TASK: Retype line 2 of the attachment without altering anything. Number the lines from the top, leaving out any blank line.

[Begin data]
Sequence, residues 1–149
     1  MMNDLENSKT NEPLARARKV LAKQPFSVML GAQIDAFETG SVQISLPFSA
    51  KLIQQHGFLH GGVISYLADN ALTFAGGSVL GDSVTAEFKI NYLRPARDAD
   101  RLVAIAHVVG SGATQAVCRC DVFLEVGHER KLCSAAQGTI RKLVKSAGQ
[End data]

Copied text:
     1  MMNDLENSKT NEPLARARKV LAKQPFSVML GAQIDAFETG SVQISLPFSA